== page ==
The World Cup is over and Germany has emerged victorious, but just how environmentally sustainable was the FIFA sporting event in Brazil?
Some are hailing the 2014 World Cup as the greenest ever. Simon Trace, CEO of Practical Action, is among those that are lauding the green accomplishments of the World Cup in Brazil. He cited the unparalleled use of solar energy saying, “the organisers and FIFA are to be congratulated for making a considerable financial investment and making this the greenest World Cup in history.”
Brazil generated more renewable energy than any other World cup before. The investment in green power is helping to grow the nation’s renewable energy sector which employs a total of 894,000 people.
The Brazil World Cup was sponsored by global solar company, manufacturer Yingli Green. Adidas, FIFA’s longest-serving sponsor, has revealed plans to remove 99 percent of Polyfluorinated Chemicals (PFCs) from its products by 2017.
FIFA spent $20 million to make the 2014 World Cup in Brazil the first with a comprehensive sustainability strategy. These efforts include green stadiums, waste management, community support, reducing and offsetting carbon emissions, renewable energy, climate change and capacity development.
According to FIFA, the strategy will build on environmental programs at previous FIFA tournaments. It employed international standards such as ISO 26000 and the Global Reporting Initiative, alongside the Brazilian government’s development policies.
Brazil’s World Cup stadiums were built based on the “green building” criteria. FIFA’s access to the Brazilian Development Bank’s line of credit — FIFA’s funding source for World Cup stadiums — was conditional on a sustainable construction certification standard.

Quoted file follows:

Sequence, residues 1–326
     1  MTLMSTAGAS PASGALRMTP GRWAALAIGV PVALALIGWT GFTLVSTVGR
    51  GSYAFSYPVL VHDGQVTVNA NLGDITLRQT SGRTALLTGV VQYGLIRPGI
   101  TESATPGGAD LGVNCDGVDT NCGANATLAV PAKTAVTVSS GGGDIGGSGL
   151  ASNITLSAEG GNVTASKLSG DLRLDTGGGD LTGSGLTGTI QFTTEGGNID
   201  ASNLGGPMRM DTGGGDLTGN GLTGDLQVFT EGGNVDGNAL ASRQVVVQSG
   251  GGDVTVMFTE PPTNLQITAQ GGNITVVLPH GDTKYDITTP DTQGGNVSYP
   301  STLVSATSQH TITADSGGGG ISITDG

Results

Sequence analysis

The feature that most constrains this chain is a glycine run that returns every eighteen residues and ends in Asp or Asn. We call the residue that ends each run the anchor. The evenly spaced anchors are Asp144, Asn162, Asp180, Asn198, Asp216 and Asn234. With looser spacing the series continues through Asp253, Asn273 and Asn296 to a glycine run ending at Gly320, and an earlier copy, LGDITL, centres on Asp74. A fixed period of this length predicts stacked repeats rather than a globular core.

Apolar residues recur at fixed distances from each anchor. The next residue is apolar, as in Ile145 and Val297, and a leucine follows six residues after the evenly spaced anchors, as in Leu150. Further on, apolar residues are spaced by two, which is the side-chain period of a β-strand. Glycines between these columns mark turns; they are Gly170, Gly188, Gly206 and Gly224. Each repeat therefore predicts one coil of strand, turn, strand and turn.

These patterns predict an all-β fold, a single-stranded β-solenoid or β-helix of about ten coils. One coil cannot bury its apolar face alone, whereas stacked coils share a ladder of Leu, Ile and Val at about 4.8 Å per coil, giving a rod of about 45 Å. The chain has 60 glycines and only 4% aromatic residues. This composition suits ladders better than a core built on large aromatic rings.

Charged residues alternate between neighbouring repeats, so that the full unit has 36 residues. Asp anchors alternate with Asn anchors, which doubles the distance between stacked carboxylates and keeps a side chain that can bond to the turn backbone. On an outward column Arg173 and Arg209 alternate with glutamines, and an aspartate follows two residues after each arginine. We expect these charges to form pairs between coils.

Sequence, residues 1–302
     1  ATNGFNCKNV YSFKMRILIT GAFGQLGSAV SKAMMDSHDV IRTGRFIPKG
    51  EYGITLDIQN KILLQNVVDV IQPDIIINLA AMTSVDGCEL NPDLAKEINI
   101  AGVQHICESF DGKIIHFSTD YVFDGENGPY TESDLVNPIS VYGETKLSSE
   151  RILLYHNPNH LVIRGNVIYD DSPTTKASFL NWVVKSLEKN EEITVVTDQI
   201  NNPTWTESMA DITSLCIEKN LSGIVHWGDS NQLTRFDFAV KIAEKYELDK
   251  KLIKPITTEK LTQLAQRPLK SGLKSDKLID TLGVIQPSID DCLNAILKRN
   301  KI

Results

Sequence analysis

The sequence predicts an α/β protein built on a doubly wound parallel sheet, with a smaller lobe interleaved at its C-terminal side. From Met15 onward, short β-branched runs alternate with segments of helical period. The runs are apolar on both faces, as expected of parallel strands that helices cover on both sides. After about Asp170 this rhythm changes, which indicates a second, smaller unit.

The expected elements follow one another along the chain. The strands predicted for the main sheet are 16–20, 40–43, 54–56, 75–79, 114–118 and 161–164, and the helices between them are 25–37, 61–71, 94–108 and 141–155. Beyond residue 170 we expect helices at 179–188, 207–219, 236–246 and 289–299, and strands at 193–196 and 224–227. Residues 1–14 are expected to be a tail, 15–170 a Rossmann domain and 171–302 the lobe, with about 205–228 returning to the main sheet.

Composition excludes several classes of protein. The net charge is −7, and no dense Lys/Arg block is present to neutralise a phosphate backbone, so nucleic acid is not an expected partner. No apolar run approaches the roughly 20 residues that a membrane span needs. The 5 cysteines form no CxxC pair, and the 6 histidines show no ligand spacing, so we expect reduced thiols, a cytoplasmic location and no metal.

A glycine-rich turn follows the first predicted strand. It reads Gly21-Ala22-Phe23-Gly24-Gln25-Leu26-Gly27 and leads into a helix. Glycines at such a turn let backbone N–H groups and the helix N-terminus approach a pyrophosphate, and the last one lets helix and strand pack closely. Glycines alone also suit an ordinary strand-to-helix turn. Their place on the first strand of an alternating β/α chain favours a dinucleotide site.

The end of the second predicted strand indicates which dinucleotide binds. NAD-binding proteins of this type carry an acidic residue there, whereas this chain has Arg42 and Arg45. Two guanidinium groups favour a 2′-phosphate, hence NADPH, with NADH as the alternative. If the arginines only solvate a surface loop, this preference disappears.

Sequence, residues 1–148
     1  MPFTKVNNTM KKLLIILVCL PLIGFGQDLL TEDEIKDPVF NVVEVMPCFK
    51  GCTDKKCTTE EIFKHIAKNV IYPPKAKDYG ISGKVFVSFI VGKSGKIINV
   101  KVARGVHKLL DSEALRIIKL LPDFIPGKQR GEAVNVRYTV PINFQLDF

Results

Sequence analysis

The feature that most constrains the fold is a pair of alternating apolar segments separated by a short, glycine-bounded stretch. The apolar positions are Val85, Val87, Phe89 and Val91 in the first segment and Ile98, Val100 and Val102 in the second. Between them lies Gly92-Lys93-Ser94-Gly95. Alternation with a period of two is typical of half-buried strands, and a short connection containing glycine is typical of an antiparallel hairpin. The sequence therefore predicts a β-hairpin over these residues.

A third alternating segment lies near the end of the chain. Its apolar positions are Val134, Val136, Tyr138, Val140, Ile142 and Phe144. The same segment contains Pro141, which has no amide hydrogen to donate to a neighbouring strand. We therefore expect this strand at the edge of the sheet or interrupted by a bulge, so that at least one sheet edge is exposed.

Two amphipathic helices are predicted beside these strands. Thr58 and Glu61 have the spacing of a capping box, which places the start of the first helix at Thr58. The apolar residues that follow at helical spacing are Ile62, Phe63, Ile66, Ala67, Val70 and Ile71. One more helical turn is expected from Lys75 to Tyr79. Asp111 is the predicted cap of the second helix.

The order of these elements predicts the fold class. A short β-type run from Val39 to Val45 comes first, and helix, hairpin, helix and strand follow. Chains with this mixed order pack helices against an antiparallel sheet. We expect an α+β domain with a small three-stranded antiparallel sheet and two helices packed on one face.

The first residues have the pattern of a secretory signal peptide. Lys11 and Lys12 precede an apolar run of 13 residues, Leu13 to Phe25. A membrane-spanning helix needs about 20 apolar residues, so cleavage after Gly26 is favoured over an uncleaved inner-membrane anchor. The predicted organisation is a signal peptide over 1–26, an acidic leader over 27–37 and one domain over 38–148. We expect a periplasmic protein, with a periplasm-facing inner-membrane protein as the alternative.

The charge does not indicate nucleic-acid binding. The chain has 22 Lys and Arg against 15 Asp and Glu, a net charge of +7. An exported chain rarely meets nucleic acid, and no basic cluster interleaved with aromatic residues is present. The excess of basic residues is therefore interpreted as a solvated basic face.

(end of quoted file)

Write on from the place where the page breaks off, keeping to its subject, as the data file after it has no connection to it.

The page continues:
Four of Brazil’s World Cup stadiums have a combined total of 5.4 MW of solar electricity capacity. These include Belo Horizonte’s Estadio Mineirão (1.4 MW), Brasilia’s Estádio Nacional Mané Garrincha (2.5 MW), Pernambuco’s Itaipava Arena (1.4 MW), and Rio de Janeiro’s Maracana (500 kW).
The Arena de São Paulo uses GrassMaster technology, manufactured by Desso, to create a sustainable, hybrid, playing surface.
The 2014 World Cup is not the first to build greener stadiums. The 2010 World Cup in South Africa featured the Nelson Mandela Stadium, designed and built using sustainable materials such as fiberglass and reinforced concrete. The stadium itself was powered entirely by a nearby wind farm.
However, the stadiums built for the Brazil World Cup are not entirely green. For example, most of the materials for the stadium in Amazonia had to be shipped, and a sizeable part of it was shipped all the way from Portugal.
Perhaps the biggest environmental impacts in Brazil come from the decimation of the countries rainforests which are often referred to as the lungs of the planet. Thirty years of satellite images show how forests are being depleted in Brazil. Although this is a trend that predates the 2014 World Cup, building roads, stadiums and infrastructure in certainly did not help.
However one of the carbon offset projects (the Purus Project), contributes to the preservation of 36,000 hectares of pristine rain forest from deforestation.
FIFA’s portfolio of carbon offsetting projects for the 2014 World Cup both offset carbon and raise awareness. They include emissions resulting from the travel and accommodation of all staff, officials, teams, volunteers and guests as well as emissions resulting from venues, stadiums, offices and TV production.